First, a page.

nep-law New Economics Papers
on Law and Economics
Issue of 2023‒07‒24
eight papers chosen by
Yves Oytana, Université de Franche-Comté

  1. Access to Guns in the Heat of the Moment: More Restrictive Gun Laws Mitigate the Effect of Temperature on Violence By Colmer, Jonathan; Doleac, Jennifer
  2. European Insolvency Law and Firm Leverage By Fien van Solinge; Beau Soederhuizen
  3. Mafia Origins, Land Distribution, and Crop Diversification By Michele Battisti; Giovanni Bernardo; Andros Kourtellos; Andrea Mario Lavezzi
  4. Coordination in the Fight Against Collusion By Rey, Patrick; Iossa, Elisabetta; Loertscher, Simon; Leslie M. Marx,
  5. Come Out and Play: Public Space Recovery, Social Capital, and Citizen Security By Braun, Matías; Gallego, Francisco; Soares, Rodrigo R.
  6. Imperfect Collusion On Surveilled Markets With Free Entry By Ludwig von Auer; Tu Anh Pham
  7. Simultaneous Decision Making of Juries: Evidence From the Paris Labor Court By Claudine Desrieux; Romain Espinosa; Michael Visser
  8. Hugo Grotius on Exchange and Price By André Lapidus

  1. By: Colmer, Jonathan (University of Virginia); Doleac, Jennifer (Texas A&M University)
    Abstract: Gun violence is a major problem in the United States, and extensive prior work has shown that higher temperatures increase violent behavior. In this paper, we consider whether restricting the concealed carry of firearms mitigates or exacerbates the effect of temperature on violence. We use two identification strategies that exploit daily variation in temperature and variation in gun control policies between and within states. Our findings suggest that more prohibitive concealed carry laws attenuate the temperature–homicide relationship. Additional results suggest that restrictions primarily decrease the lethality of temperature–driven violent crimes, rather than their overall occurrence, but may be less effective at reducing access to guns in more urban areas.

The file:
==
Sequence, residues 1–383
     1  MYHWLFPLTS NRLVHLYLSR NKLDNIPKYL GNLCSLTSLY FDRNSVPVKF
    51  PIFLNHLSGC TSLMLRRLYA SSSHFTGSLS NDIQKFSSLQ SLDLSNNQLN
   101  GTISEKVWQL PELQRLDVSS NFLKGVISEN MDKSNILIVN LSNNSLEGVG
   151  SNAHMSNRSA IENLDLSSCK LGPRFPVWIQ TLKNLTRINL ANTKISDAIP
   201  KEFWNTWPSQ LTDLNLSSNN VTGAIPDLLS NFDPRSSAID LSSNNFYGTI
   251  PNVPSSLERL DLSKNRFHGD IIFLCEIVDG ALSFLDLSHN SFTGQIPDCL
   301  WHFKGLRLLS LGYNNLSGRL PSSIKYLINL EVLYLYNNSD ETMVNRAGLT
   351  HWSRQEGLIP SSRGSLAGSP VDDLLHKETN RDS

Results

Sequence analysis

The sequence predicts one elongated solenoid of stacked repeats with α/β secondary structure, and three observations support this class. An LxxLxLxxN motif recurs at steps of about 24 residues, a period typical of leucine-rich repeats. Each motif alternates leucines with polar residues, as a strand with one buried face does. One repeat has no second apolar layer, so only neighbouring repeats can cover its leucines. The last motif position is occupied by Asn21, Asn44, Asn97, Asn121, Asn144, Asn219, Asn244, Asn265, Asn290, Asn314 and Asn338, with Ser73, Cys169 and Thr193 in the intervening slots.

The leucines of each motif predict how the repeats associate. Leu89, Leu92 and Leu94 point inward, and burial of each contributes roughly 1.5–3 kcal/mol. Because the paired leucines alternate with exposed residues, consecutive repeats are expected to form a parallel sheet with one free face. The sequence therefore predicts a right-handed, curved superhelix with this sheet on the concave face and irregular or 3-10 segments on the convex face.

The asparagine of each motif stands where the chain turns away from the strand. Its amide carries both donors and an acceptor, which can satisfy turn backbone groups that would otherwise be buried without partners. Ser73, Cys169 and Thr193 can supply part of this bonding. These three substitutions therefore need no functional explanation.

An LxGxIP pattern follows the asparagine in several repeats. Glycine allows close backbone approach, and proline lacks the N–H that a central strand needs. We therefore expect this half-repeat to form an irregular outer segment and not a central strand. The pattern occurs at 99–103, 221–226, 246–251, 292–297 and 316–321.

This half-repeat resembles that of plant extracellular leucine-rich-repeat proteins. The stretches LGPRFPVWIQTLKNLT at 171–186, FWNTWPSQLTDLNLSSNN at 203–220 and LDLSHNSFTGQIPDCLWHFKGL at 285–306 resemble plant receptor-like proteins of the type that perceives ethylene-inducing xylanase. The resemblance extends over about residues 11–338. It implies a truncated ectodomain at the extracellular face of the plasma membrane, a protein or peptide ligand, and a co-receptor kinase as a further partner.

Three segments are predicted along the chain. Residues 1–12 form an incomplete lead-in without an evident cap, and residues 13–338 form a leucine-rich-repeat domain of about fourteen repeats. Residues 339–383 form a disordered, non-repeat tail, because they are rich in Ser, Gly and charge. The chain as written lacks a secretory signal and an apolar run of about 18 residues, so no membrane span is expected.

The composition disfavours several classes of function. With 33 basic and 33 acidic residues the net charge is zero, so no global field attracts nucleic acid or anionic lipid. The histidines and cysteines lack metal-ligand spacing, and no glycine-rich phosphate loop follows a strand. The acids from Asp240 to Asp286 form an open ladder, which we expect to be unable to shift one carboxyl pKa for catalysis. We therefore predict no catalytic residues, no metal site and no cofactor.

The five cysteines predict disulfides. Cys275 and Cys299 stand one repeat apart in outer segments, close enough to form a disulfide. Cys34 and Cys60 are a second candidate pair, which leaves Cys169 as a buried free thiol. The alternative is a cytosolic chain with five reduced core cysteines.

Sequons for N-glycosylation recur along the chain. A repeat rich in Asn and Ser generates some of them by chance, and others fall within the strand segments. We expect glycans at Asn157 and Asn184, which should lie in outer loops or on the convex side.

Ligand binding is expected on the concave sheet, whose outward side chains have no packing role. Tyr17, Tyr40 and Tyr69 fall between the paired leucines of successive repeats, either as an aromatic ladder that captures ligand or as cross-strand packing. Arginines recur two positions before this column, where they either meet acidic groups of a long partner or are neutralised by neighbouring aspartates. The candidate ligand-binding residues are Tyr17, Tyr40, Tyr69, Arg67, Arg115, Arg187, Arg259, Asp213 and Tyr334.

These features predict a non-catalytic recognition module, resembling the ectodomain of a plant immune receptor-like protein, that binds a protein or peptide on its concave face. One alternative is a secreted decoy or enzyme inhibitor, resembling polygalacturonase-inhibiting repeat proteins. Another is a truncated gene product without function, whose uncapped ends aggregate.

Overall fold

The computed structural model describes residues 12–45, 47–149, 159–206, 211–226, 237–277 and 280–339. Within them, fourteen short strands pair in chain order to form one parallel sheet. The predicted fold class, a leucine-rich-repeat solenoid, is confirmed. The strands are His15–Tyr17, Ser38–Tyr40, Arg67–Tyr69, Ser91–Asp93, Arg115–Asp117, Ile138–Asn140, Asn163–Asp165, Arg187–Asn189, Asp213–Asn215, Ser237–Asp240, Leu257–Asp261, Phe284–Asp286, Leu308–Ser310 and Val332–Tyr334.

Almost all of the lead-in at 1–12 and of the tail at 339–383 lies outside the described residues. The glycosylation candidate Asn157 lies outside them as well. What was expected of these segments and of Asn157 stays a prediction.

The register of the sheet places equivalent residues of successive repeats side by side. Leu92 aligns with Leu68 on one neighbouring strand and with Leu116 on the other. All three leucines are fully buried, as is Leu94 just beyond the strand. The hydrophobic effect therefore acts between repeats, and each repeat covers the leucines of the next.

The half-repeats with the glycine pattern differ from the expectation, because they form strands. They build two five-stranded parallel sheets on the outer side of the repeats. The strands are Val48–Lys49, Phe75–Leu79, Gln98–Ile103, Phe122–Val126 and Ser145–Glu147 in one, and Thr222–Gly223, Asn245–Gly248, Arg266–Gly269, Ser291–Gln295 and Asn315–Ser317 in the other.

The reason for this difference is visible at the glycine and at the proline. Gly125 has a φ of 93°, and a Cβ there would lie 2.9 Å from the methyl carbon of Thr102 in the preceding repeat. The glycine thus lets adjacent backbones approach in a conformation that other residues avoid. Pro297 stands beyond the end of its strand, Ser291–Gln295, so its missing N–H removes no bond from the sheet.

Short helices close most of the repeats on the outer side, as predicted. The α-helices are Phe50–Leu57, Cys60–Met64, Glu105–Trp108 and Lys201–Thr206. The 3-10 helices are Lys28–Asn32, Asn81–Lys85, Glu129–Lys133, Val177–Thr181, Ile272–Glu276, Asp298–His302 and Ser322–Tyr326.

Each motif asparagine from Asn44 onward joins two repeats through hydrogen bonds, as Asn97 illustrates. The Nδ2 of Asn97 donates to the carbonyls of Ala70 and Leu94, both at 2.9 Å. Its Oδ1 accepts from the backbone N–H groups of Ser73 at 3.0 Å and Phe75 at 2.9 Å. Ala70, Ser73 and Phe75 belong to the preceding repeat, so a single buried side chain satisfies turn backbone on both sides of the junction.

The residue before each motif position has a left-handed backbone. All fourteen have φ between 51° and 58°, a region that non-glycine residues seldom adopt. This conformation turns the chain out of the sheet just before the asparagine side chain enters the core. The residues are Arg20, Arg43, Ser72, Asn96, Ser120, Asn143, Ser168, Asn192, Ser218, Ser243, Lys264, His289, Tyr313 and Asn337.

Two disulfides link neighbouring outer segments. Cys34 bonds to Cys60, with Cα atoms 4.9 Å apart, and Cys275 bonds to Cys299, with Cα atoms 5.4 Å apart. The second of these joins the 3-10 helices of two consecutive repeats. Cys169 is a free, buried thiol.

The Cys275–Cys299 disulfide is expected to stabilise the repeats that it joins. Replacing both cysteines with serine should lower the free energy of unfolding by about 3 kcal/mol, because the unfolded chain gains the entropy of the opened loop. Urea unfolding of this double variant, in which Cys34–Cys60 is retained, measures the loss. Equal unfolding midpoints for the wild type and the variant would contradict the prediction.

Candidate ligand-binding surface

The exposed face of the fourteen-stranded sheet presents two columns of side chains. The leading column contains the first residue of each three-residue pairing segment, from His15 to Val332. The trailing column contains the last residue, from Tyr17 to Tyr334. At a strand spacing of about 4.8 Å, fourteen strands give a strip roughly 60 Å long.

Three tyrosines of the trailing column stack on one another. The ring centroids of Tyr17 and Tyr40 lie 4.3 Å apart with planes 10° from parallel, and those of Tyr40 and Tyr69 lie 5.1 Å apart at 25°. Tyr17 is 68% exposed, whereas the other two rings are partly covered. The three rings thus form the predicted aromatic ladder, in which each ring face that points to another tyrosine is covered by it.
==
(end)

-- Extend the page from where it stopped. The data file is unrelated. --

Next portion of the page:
Keywords: right-to-carry, temperature, crime, homicide
    JEL: K42 Q51 I18
    Date: 2023–06
  2. By: Fien van Solinge (CPB Netherlands Bureau for Economic Policy Analysis); Beau Soederhuizen (CPB Netherlands Bureau for Economic Policy Analysis)
    Abstract: In our new study we find that strengthening insolvency law increases the amount of long-term debt, as a percentage of total assets, on firms’ balance sheets in Europe. Since we also find a negative effect on short-term leverage, it seems that improving insolvency law causes a shift from short-term to long-term debt. Longer debt maturities can protect firms from rising interest rates and credit crunches. Furthermore, we find that these effects are stronger for large firms with a lot of tangible assets and in countries with short insolvency procedures. These findings are relevant for policy makers because there are proposals to further harmonize insolvency law in the European Union (EU). The first steps have already been taken. In 2019 the EU adopted a directive to harmonize preventative restructuring. Currently, a Commission proposal on further harmonization of in-court insolvency procedures is being discussed in the European Parliament. The goal is to strengthen European capital markets and to enhance financing possibilities for firm. Therefore, our study adds to the policy debate and gives insight into the possible effects changing insolvency law could have.
    JEL: G15 G32 G33 K22
    Date: 2023–07
  3. By: Michele Battisti; Giovanni Bernardo; Andros Kourtellos; Andrea Mario Lavezzi